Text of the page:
Owin Pierson grew up as a gay Asian-American in a predominantly white and super religious community. Though he felt loved and protected by his parents, he also felt isolated.
He saw his church condemn and try to convert people who came out. He never saw queer role models or people like him in media. Over time, depression and anxiety crept in. He began questioning his worth, feeling like a joke, and assuming that he’d spend his life in a 9-to-5 job.
Realizing he needed more, he became his biggest advocate. He majored in psychology, moved to Los Angeles, and now uses his social media to help others who felt like he did: invisible, alone, trying to find themselves while building a happier, more sustainable life.
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Pierson has since become a social media influencer, discussing mental health while working with major brands and the LGBTQ organizations that helped save his life as a young person: the It Gets Better Project, The Trevor Project, and the Human Rights Campaign.
“I didn’t become an advocate in this space because of the spotlight and influence that comes with it,” Pierson says. “I did it because I saw a lack of information, representation, and media attention on the queer community and stepped in best I could, and continue to learn every day from it all.”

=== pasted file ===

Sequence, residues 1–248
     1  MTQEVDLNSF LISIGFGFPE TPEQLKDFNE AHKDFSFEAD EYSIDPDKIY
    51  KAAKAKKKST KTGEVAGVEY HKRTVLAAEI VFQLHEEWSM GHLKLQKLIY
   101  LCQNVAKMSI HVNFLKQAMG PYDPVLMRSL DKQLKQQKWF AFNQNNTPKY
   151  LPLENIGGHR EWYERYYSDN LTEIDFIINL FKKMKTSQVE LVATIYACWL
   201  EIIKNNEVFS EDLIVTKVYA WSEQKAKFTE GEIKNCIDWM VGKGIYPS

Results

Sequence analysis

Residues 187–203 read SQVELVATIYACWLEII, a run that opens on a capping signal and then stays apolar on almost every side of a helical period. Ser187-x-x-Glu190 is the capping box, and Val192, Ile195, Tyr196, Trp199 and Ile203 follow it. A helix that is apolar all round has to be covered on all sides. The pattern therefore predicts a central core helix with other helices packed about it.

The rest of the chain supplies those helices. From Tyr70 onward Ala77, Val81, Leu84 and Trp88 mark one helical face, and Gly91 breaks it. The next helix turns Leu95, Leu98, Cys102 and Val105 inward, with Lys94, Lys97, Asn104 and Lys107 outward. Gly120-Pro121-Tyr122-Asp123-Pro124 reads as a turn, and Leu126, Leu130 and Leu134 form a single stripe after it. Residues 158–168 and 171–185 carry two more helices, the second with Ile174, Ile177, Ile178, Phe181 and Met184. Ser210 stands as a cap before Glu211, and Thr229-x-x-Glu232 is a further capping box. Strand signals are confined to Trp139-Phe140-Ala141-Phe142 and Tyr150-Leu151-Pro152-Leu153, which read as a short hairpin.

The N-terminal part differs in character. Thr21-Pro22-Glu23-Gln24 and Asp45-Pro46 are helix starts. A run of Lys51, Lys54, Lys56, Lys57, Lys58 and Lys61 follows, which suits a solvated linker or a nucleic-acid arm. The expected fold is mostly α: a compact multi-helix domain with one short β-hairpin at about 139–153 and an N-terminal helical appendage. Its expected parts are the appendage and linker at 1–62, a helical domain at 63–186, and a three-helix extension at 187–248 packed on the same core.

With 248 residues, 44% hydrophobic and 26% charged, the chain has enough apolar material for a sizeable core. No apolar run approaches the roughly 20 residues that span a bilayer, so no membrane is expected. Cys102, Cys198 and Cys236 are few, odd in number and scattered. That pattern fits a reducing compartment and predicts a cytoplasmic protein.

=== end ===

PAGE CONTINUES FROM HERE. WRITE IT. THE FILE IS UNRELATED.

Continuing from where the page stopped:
His work has become all the more important now that legislatures around the U.S. have pursued laws criminalizing LGBTQ presence and trans youth in schools. Alongside this, rates of mental distress have increased over the past few years,
“As someone who has greatly benefited from therapy and hotline chats … I want to continue sharing the joy of being a part of the LGBTQIA+ community but also the very prevalent struggles so many face, especially the intersection for minority communities,” he said.
Support for the LGBTQ community needs to go far beyond Pride month, Pierson feels, giving visibility to inter-generational and international communities that often go erased or forgotten. Even within the LGBTQ community, he sees a real need to address longstanding discrimination and phobias, especially around stereotypical ideas of what gender, beauty, and relationships should look like.
In the meanwhile, he continues to draw strength and inspiration from other LGBTQ media influencers who, like him, are striving to create a more loving and inclusive world.
“Don’t be afraid of what others may think or that you don’t have the best equipment or ‘nicest’ things,” he tells others looking to share their lives on social media. “You already have something so unique that no one else has, and that’s you. As cheesy as that may be, authenticity will always really be your most valuable tool.”
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